"Coach Muschamp came in, [and] he gained our respect instantly," Shaw said. "We knew he had the team's best interest at heart. He wanted to win; we wanted to win."

And Sarkisian?

"That first meeting [on] the day he was hired, he told us he didn't expect for us to trust him right away and that it's earned," Shaw said. "He said it was going to be a process that he'll work at."

So far, so good.

Despite not having played a game for Sarkisian, he was one of the crutches Shaw leaned on the most after the bowl game and before deciding to return to USC for his final year of eligibility.

"There was already some familiarity with us [because of recruiting], but after several talks, we've grown closer," Shaw said. "We sat in his office, and he looked me right in the eye as we discussed what would be the best decision for my future."

The same guidance was there for the five players who opted to enter the NFL draft -- Marqise Lee, Xavier Grimble, Marcus Martin, George Uko and Dion Bailey -- but Sarkisian said he wasn't caught off guard by any of their decisions.

"For those guys that have been here for three and four years, I knew I wasn't going to win them over in one 30- or 40-minute meeting," Sarkisian said. "I just let them know I would be there for them one way or another. For the guys that decided to leave, we're going to do everything we can to support them, too."

When Sarkisian started meeting with players individually, there were two points he wanted to cover right away.

"I think, first and foremost, they understand why I chose to come to USC," Sarkisian said. "And that's to be the best. I want to coach with the best coaches; I want to coach the best players.

"The second piece is I wanted to learn why they chose USC. A lot of times it's for the the same reason, to win championships."

Winning championships is all Sarkisian knew in his previous stints with the Trojans.

After he was elevated from offensive assistant to quarterbacks coach under Pete Carroll in 2002, USC earned at least a share of the conference title each season Sarkisian was on staff. He took a foray into the NFL as quarterbacks coach of Oakland Raiders in 2004, but aside from that, he was there for six of the seven BCS bowl berths during Carroll's tenure.

His last season on staff before taking over at Washington in 2009 also happens to be the last time USC won a conference title.

Despite being home in Southern California and his familiarity with USC, "settled" isn't the term Sarkisian would use to describe his current situation, and he doesn't expect that to change for some time.

"I don't know in Year 1 if you're ever settled in," he said. "Certainly not in six weeks. There are just so many facets to the job, new problems you have to work through, everything is constantly moving."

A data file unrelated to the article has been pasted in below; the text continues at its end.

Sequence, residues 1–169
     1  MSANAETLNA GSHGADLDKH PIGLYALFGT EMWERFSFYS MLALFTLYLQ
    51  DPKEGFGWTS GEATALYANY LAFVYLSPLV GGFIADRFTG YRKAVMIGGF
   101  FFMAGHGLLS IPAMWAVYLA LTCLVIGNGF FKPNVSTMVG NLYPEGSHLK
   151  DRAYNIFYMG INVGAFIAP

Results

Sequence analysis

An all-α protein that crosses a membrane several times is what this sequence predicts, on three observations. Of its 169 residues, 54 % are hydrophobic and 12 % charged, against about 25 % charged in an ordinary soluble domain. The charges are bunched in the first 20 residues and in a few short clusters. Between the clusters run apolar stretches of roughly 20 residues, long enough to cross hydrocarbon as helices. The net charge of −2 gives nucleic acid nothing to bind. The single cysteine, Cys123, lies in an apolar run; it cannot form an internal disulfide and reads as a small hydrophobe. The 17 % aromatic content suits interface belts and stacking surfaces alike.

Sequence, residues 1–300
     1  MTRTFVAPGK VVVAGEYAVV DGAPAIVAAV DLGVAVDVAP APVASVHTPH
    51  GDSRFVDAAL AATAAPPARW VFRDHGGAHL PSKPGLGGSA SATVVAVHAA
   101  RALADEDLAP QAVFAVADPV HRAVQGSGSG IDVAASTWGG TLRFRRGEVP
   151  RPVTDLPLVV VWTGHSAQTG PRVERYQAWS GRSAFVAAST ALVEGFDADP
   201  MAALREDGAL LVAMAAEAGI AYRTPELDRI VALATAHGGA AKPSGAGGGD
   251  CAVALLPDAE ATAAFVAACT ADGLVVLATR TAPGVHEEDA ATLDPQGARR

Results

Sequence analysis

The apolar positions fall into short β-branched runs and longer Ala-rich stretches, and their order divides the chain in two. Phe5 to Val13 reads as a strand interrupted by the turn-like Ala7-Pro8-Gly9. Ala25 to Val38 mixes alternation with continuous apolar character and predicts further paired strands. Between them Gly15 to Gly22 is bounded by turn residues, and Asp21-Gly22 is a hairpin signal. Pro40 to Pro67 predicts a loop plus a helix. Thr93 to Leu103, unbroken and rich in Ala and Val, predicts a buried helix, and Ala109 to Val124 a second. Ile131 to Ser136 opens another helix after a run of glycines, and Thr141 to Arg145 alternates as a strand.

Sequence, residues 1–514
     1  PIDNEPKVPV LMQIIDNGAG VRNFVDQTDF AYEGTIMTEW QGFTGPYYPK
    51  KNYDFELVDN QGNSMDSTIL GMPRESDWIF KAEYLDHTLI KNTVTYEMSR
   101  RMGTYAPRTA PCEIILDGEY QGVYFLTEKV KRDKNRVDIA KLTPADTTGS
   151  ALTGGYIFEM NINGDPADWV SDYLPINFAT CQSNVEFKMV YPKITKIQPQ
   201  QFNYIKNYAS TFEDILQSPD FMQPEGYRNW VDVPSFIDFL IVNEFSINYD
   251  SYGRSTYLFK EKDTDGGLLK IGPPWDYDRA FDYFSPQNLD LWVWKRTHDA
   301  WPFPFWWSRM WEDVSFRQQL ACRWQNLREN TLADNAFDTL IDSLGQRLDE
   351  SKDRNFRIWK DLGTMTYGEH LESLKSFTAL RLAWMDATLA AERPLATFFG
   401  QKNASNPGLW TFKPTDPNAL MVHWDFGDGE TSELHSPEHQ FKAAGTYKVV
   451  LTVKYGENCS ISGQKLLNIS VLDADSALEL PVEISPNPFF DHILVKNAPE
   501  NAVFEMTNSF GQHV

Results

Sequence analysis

Especially when it comes to hiring a coaching staff and recruiting.

Sarkisian's staff appeared to be set before defensive line coach Bo Davis, a week after joining the staff at USC, had a change of heart and opted to join Nick Saban's staff at Alabama.

With national signing day on Feb. 5, Sarkisian had to move fast to find a replacement. He settled on Georgia's Chris Wilson, a former defensive coordinator at Mississippi State, after contacting "some of the best defensive line coaches in the country."

USC will begin spring practice on March 11.

25 Pac-12 players entering NFL draft early

January, 16, 2014
Jan 16
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While a number of big-name players opted to stick around for another year of Pac-12, most notably Oregon QB Marcus Mariota, UCLA QB Brett Hundley and Oregon State QB Sean Mannion, the conference was hit hard by early defections.

Here's the complete list of Pac-12 players who entered the NFL draft despite remaining eligibility.

Ka'Deem Carey, RB, Arizona
Carl Bradford, LB, Arizona State
Brendan Bigelow, RB, California
Richard Rodgers, TE, California
Khairi Fortt, LB, California
Kameron Jackson, CB, California
Viliami Moala, DT, California
Paul Richardson, WR, Colorado
De'Anthony Thomas, RB/WR, Oregon
Colt Lyerla, TE, Oregon (was kicked off the team in October)
Terrance Mitchell, CB, Oregon
Brandin Cooks, WR, Oregon State
Scott Crichton, DE, Oregon State
David Yankey, OG, Stanford
Cameron Fleming, OT, Stanford
Ed Reynolds, S, Stanford
Xavier Su'a-Filo, OG, UCLA
Dion Bailey, LB, USC
Marqise Lee, WR, USC
George Uko, DT, USC
Marcus Martin, C, USC
Xavier Grimble, TE, USC
Jake Murphy, TE, Utah
Bishop Sankey, RB, Washington
Austin Seferian-Jenkins, TE, Washington


Pendergast's future at USC up in the air

December, 23, 2013
12/23/13
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With the news that junior safety Dion Bailey will make himself available for the NFL draft, that is one piece of the Trojans' defensive puzzle that is known for next year.

[+] EnlargeClancy Pendergast
Joe Andras/WeAreSC.comUSC defensive coordinator Clancy Pendergast did wonders with the Trojans in 2013.
In the coming weeks, the Trojans will find out if other draft-eligible defensive stalwarts such as defensive end George Uko, linebacker Hayes Pullard and cornerback Josh Shaw will stay in school or choose to follow Bailey to the next level.

Those decisions will obviously have a huge impact on the fortunes of the 2014 USC defense as all of those players had prominent roles in the success this season. But there is another important cog in the defensive machine that is also unclear in terms of being back: defensive coordinator Clancy Pendergast.